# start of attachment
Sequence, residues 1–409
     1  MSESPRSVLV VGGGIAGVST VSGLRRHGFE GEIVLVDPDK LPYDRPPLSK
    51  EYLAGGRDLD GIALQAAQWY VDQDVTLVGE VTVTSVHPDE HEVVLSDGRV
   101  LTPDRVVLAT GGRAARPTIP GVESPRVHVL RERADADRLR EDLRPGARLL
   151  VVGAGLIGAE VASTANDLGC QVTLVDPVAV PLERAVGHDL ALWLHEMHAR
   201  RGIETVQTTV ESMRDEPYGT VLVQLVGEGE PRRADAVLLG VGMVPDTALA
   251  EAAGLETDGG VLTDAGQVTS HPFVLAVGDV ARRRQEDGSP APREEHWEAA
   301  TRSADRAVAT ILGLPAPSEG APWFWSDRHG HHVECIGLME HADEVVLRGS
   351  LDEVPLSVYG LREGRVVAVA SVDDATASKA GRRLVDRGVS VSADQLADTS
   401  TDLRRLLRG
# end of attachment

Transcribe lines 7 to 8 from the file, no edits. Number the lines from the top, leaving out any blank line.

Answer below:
   251  EAAGLETDGG VLTDAGQVTS HPFVLAVGDV ARRRQEDGSP APREEHWEAA
   301  TRSADRAVAT ILGLPAPSEG APWFWSDRHG HHVECIGLME HADEVVLRGS